September 2, 2013 by billysparrow
Eight Men Out
Released: September 2, 1988
Starring: D.B. Sweeney, John Cusack, John Mahoney, Clifton James, Michael Rooker, David Strathairn, Charlie Sheen, Don Harvey, James Read, Gordon Clapp. John Sayles, Studs Terkel
There are movies about baseball that I probably like a little more than “Eight Men Out,” but I don’t think there’s a better baseball movie than “Eight Men Out,” the story of the 1919 Chicago White Sox and the plot to throw the World Series. Most movies about baseball feature actors who look unbelievably uncomfortable with a bat in their hands and kind of out of place on a diamond. Or there are implausibilities in the script that fly in the face of either the rules of baseball or the rules of humankind (I am, of course, speaking here mainly of “Rookie of the Year,” surely everyone’s favorite movie about baseball that is hamstrung by several unlikely occurrences, from the idea that a boy’s arm can break in such a way that it can make him throw the ball over 100 mph to the thought that Gary Busey would be allowed near an organized sport).
But “Eight Men Out,” while neither as funny as “Major League” or as dramatic as “Pride of the Yankees,” both gets all the little details right and tells a largely true story in an impressively compelling way. It fueled my still-lingering obsession with Shoeless Joe Jackson and a brief flirtation with being a fan of the Chicago White Sox (terminated just in time for them to win the World Series). And it gave me my first glimpse of one of my favorite listeners/journalists, Studs Terkel, in what I think may be both his feature-film debut and swan song. Plus the movie had its own baseball card set!
What I’m saying is I really like “Eight Men Out.” And most of the Black Sox. Gandil and Risberg can go screw. And Comiskey can do the same.
Terkel, who plays journalist Hugh Fullerton (alongside director John Sayles as Ring Lardner), is but one of the many actors who are fantastic in “Eight Men Out.” There isn’t a bum among them. In fact, many of them are so good and so believable that when I see pictures of the actual Black Sox, a little part of me thinks, “That’s not the real guys; they look nothing like them.”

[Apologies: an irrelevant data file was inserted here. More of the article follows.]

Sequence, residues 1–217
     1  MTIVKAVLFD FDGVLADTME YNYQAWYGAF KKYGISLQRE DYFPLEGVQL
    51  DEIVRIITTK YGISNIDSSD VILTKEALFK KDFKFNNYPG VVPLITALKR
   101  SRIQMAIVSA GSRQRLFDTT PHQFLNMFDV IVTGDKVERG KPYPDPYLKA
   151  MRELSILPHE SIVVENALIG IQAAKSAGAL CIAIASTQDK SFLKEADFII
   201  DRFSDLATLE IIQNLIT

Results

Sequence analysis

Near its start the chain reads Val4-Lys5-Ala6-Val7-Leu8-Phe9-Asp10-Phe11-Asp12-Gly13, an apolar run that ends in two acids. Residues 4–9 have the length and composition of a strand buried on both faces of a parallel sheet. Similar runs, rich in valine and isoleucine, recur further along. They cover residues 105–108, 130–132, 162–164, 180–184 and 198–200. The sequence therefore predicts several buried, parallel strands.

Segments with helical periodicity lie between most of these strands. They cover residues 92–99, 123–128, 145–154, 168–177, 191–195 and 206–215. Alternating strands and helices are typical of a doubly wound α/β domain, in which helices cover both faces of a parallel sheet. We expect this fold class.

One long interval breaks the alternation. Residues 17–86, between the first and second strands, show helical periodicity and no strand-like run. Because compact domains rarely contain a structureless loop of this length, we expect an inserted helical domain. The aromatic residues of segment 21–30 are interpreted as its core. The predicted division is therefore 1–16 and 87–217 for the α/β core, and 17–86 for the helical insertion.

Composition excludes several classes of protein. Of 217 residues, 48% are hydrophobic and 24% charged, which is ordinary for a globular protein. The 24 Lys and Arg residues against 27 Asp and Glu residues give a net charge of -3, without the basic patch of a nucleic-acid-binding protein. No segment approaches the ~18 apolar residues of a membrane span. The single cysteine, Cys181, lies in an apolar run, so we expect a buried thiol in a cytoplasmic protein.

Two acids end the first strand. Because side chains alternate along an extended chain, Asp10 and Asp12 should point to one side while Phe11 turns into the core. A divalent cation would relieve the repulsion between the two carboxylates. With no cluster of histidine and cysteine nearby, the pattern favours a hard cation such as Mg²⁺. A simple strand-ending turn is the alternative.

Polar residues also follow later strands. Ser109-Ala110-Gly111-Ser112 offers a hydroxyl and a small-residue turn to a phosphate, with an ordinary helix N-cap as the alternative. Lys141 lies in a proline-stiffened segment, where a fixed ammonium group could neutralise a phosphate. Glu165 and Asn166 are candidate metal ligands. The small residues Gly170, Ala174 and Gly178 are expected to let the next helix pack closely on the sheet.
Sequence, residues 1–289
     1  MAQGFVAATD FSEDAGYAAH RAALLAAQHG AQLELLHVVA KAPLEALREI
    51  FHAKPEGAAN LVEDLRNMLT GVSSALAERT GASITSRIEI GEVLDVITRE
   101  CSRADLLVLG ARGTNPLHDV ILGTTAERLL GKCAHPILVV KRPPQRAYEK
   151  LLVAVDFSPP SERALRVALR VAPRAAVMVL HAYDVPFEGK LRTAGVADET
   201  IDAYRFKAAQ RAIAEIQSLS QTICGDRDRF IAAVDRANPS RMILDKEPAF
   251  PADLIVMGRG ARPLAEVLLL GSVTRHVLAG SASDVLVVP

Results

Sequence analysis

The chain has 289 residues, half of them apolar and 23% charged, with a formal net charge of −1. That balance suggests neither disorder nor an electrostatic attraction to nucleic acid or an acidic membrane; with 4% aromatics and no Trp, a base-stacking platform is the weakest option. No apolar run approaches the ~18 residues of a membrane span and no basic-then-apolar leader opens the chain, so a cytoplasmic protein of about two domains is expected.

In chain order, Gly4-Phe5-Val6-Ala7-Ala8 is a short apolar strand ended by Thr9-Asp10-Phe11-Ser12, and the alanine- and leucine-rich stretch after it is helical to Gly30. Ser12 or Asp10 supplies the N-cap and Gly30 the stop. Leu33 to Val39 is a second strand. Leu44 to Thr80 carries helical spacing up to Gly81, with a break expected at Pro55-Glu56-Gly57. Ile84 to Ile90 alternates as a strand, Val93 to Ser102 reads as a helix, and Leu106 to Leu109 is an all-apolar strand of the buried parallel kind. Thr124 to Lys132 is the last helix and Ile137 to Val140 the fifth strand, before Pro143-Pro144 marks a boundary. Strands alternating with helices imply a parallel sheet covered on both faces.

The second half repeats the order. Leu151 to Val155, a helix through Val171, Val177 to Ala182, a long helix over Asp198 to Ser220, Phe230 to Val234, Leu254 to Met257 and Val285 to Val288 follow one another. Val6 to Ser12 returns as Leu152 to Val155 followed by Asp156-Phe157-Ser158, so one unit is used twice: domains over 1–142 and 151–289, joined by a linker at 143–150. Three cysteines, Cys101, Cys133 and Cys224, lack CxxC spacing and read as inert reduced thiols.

The best of the bunch are probably John Cusack (as third baseman George “Buck” Weaver), David Strathairn (as ace pitcher Eddie Cicotte), and Michael Rooker (as first baseman and ringleader Arnold “Chick” Gandil). Each of those three pull you right into the scene they’re in and, in the case of Rooker/Gandil, make you want to punch him in the face (Strathairn/Cicotte can get you a little wound up, too). When I saw Rooker at a Chiller convention, I kind of still harbored a little animosity toward him. Or Gandil, I suppose. Either way, I was a little pissed.
But Gandil isn’t the true villain in “Eight Men Out.” That would be Charles Comiskey (played by Clifton James). I think I might punch that guy if I see him. Of course, according to IMDB, Clifton James is 92 now, so that’s probably not advisable. OK, I suppose, it’s never advisable to punch an actor who plays a creep in a movie. So, don’t do it, kids. That’s one to grow on.
Come on, though, you don’t want to punch him after this?
If not, you’ll surely want to thrash him after he refuses to give Cicotte a bonus because he didn’t get 30 wins, largely because Comiskey had manager Kid Gleason (John Mahoney, who is so great here that it almost made me want to become an avid fan of “Frasier”) bench Cicotte for five starts. What a dick, right?